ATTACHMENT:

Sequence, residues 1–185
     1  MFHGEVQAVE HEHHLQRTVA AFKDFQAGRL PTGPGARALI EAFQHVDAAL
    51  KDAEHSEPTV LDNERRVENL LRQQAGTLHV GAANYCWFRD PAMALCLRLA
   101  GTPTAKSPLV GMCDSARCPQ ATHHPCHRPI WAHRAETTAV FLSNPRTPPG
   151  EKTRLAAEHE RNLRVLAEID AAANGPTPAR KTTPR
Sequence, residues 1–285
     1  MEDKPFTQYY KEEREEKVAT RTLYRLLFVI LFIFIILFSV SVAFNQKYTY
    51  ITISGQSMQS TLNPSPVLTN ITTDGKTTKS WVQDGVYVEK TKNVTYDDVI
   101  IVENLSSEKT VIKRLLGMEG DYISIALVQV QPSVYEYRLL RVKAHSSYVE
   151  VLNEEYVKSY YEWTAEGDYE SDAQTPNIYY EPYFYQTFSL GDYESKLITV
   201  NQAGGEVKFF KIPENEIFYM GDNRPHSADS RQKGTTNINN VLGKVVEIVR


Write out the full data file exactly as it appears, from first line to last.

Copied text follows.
Sequence, residues 1–185
     1  MFHGEVQAVE HEHHLQRTVA AFKDFQAGRL PTGPGARALI EAFQHVDAAL
    51  KDAEHSEPTV LDNERRVENL LRQQAGTLHV GAANYCWFRD PAMALCLRLA
   101  GTPTAKSPLV GMCDSARCPQ ATHHPCHRPI WAHRAETTAV FLSNPRTPPG
   151  EKTRLAAEHE RNLRVLAEID AAANGPTPAR KTTPR
Sequence, residues 1–285
     1  MEDKPFTQYY KEEREEKVAT RTLYRLLFVI LFIFIILFSV SVAFNQKYTY
    51  ITISGQSMQS TLNPSPVLTN ITTDGKTTKS WVQDGVYVEK TKNVTYDDVI
   101  IVENLSSEKT VIKRLLGMEG DYISIALVQV QPSVYEYRLL RVKAHSSYVE
   151  VLNEEYVKSY YEWTAEGDYE SDAQTPNIYY EPYFYQTFSL GDYESKLITV
   201  NQAGGEVKFF KIPENEIFYM GDNRPHSADS RQKGTTNINN VLGKVVEIVR